A new Turing test

2014-12-29 2 min read

    A friend sent me an article where the author discusses the recent news of an AI finally beating the Turing test and how he himself was clearly able to determine that the AI was not a human. The most common explanation of the Turing test is where someone communicates with both a human and an AI and is not able to tell which is the machine and which is the human. It’s almost always phrased in the way that a human will act normally and the AI will try to act as a human, mistakes, typos, and imperfect information.

    Regardless of whether modern AIs can beat the Turing test I think it’s inevitable that an AI will conclusively beat the Turing test in the coming years. A more interesting question is whether a human can trick another human into thinking he or she is an AI. It’s similar to the Turing test in that it’s supposed to make the AI and human indistinguishable to a judge but instead of making the AI smarter we’re dumbing down the human.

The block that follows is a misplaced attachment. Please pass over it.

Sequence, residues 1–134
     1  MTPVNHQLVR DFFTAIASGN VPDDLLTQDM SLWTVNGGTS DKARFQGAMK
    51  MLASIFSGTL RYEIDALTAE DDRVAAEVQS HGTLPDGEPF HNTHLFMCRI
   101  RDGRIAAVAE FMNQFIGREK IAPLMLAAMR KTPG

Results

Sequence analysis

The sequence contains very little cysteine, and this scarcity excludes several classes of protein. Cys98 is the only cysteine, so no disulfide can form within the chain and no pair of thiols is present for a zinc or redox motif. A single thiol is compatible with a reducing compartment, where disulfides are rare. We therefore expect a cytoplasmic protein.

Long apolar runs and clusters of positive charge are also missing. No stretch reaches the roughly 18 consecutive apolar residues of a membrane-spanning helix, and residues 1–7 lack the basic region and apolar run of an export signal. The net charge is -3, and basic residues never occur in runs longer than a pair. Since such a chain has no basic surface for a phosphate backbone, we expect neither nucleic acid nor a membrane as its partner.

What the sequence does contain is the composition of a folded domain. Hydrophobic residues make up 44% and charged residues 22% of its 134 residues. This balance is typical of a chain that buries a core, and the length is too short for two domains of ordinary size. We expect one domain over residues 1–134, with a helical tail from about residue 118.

The nice thing about this approach is that historically it was very easy for a human to act as an AI by making dumb mistakes and responding with non-sequiturs. I suspect it’s currently quite difficult to respond in a way that would convince someone you’re an AI, even after enough time speaking with one, and I’d love to see this attempted. In the end both of these approaches converge to the same goal of making AIs and humans indistinguishable and this is just another way of looking at it.